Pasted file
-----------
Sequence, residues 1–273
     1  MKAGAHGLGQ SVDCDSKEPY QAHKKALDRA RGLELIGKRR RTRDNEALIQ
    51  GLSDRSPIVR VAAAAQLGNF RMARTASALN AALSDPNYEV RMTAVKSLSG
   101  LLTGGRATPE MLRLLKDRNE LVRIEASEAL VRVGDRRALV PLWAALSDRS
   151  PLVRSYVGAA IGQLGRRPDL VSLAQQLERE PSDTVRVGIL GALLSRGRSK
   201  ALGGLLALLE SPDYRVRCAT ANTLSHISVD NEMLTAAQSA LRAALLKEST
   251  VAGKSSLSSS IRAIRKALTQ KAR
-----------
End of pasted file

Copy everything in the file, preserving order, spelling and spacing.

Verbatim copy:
Sequence, residues 1–273
     1  MKAGAHGLGQ SVDCDSKEPY QAHKKALDRA RGLELIGKRR RTRDNEALIQ
    51  GLSDRSPIVR VAAAAQLGNF RMARTASALN AALSDPNYEV RMTAVKSLSG
   101  LLTGGRATPE MLRLLKDRNE LVRIEASEAL VRVGDRRALV PLWAALSDRS
   151  PLVRSYVGAA IGQLGRRPDL VSLAQQLERE PSDTVRVGIL GALLSRGRSK
   201  ALGGLLALLE SPDYRVRCAT ANTLSHISVD NEMLTAAQSA LRAALLKEST
   251  VAGKSSLSSS IRAIRKALTQ KAR